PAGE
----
In the early days of force measurement instrumentation and use cases, analog was king and, in many cases, still dominates most use cases. The fact that product manufacturers continue to provide analog solutions is steeped in the accuracy and reliability of the format. Digital is changing this outlook and the rise of solutions that support digital output are on the rise.
Analog and digital signals are utilized for the transmission of information, typically conveyed through electrical signals. In both these technologies, data undergoes a conversion process to transform it into electrical signals. The disparity between analog and digital technologies lies in how information is encoded within the electric pulses. Analog technology translates information into electric pulses with varying amplitudes, while digital technology converts information into a binary format consisting of zeros and ones, with each bit representing two distinct amplitudes.
The primary difference between analog and digital is how the signal is processed. Analog signals when compared to digital signals are continuous and more accurate. Digital measurement solutions have come a long way and are growing in use and popularity due to overall trends towards digital transformation and modernization of testing labs. Read Instrumentation Analog Versus Digital Outputs for further definition.
As more test and measurement professionals and labs are using digital instrumentation, the quality and accuracy of data output has skyrocketed. Primarily, it is much easier to gather and store digital data. This is often seen through the growth in wireless sensor technologies. Interface Digital Instrumentation continues to expand with new products.
Digital signals are stronger than analog signals, providing a better signal that is free from interference by things like temperature, electromagnetism, and radio signals. The data sampling rate is also much faster. As a result, load cells and other force sensors output signals transmitted to digital instrumentation can read and record hundreds of measurements in seconds.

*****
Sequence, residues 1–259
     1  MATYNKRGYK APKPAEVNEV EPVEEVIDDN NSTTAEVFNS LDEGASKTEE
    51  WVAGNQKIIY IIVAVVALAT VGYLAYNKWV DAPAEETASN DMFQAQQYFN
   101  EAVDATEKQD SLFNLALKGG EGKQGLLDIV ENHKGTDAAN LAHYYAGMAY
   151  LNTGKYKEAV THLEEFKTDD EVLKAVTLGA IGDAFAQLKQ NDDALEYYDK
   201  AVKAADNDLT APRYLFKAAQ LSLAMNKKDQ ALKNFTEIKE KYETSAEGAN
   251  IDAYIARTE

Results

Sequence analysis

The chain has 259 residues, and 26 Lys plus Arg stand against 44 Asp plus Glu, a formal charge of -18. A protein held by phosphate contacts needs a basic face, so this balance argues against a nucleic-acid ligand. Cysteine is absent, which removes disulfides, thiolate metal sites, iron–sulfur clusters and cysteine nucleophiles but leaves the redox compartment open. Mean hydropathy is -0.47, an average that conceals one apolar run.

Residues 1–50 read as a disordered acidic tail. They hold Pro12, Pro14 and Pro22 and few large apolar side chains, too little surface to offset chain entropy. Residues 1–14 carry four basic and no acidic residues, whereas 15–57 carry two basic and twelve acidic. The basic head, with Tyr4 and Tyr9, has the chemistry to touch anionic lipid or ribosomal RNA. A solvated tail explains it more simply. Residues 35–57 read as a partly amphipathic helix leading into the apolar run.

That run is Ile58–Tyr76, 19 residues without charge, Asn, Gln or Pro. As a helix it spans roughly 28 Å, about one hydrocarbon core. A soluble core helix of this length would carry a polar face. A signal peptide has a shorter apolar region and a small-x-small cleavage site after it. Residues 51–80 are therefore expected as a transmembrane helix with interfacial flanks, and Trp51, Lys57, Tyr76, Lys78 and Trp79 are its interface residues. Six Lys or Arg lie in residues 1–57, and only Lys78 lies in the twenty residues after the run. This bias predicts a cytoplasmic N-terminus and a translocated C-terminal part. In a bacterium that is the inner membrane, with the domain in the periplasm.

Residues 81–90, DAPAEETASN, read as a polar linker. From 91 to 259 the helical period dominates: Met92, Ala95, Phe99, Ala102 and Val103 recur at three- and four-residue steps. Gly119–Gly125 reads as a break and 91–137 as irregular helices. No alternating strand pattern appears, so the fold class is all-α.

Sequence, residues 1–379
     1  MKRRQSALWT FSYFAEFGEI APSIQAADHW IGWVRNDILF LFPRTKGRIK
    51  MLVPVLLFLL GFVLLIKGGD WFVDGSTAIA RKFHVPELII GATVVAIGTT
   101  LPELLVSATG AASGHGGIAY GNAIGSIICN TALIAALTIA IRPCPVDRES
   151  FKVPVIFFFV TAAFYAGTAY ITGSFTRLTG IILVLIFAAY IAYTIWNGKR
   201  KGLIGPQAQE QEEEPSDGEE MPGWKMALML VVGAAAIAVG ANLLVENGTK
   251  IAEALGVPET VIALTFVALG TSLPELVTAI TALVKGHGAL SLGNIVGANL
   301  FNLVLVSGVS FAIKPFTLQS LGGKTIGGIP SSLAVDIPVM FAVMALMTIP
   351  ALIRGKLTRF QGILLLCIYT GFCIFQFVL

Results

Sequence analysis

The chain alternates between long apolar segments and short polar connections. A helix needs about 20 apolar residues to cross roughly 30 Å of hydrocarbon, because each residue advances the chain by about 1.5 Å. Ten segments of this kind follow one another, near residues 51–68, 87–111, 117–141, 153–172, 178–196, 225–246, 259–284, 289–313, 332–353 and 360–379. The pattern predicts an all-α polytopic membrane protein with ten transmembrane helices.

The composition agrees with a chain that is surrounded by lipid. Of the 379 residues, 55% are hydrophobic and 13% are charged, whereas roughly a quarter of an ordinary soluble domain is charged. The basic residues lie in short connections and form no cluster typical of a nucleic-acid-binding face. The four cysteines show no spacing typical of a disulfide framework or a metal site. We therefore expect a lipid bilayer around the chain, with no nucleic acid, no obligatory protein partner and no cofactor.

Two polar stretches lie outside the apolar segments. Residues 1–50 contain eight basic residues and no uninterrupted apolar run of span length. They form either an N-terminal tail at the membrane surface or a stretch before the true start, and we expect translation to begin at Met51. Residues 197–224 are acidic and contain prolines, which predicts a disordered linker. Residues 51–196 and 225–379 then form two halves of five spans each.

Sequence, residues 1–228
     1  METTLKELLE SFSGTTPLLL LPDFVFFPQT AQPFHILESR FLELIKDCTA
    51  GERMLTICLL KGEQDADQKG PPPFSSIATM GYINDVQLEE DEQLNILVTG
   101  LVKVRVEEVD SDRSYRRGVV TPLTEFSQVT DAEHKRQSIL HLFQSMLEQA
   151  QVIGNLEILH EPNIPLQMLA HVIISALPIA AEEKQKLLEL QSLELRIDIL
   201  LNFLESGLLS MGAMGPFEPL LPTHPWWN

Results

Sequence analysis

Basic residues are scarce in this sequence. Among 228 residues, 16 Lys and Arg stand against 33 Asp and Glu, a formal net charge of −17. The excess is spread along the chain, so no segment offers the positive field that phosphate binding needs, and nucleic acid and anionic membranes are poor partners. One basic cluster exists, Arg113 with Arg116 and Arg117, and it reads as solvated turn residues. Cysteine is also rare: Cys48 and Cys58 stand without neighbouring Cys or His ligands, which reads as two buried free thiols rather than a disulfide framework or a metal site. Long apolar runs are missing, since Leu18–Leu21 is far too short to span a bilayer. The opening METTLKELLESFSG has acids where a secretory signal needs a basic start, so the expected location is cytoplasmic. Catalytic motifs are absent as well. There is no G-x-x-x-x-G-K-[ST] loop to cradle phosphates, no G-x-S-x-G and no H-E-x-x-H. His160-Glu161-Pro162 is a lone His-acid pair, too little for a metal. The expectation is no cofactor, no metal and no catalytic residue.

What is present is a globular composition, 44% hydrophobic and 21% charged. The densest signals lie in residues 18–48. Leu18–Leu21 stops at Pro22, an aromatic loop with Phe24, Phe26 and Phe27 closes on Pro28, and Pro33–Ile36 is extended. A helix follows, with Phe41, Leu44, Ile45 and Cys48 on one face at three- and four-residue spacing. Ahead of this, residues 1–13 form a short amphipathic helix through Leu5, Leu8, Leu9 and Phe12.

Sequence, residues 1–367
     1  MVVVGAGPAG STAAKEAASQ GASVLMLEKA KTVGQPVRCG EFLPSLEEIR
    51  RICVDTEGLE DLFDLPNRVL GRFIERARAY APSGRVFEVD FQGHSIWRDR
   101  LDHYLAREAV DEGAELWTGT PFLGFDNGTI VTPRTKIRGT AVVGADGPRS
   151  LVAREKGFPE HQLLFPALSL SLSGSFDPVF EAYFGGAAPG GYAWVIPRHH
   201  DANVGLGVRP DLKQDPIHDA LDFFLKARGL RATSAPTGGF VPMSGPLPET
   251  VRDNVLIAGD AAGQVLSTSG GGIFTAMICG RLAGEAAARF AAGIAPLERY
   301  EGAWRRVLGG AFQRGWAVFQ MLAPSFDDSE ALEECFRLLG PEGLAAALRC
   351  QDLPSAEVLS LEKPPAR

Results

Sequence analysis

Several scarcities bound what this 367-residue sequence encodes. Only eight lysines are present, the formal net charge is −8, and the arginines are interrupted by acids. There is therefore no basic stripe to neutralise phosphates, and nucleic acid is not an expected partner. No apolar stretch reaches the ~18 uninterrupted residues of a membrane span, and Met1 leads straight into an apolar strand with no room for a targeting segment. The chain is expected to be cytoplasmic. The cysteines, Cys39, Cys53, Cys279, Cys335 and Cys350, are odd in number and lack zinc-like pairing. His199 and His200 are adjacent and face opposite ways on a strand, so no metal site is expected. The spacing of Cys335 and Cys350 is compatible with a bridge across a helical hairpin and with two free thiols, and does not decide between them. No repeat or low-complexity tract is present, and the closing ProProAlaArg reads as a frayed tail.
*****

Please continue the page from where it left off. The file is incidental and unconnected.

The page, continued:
Another major reason for making the switch to digital output is convenience and capability. Digital instrumentation opens a world of possibilities in terms of wireless data transfer, removing the need for wires and giving engineers more flexibility in terms of where to conduct tests, or monitor applications. It also allows for larger force sensor systems to work together on larger applications in which you need multiple data points on different forces around the object you are measuring.
Why Choose a Digital Solution
- Lower-cost options
- Works across existing networks
- It is scalable without causing interruptions
- Multiple sensors can be daisy-chained together on a single cable run
- Built-in error detection
- Less susceptible to noise
Why Choose an Analog Solution
- Speed, fast transmission
- Ease of use
- Familiarity (standard)
- Uses less network bandwidth
- Compatible with DAQs and PLCs
Interface offers a host of digital instrumentation solutions and complete digital systems to easily integrate into your existing test infrastructure. The Interface Instrumentation Selection Guide is a useful resource to help in the selection of digital equipment.
Basic Criteria for Selecting Digital or Analog
- Is there an existing network you need to connect to?
- Are you connecting to an existing DAQ device?
- What is your budget?
- How many sensors are you connecting?
- Do you need to communicate through a bus?
Be sure to tune into the ForceLeaders online event, Unlocking the Power of DAQ Webinar, to learn about data acquisition and digital instrumentation.Digital Instrumentation Brochure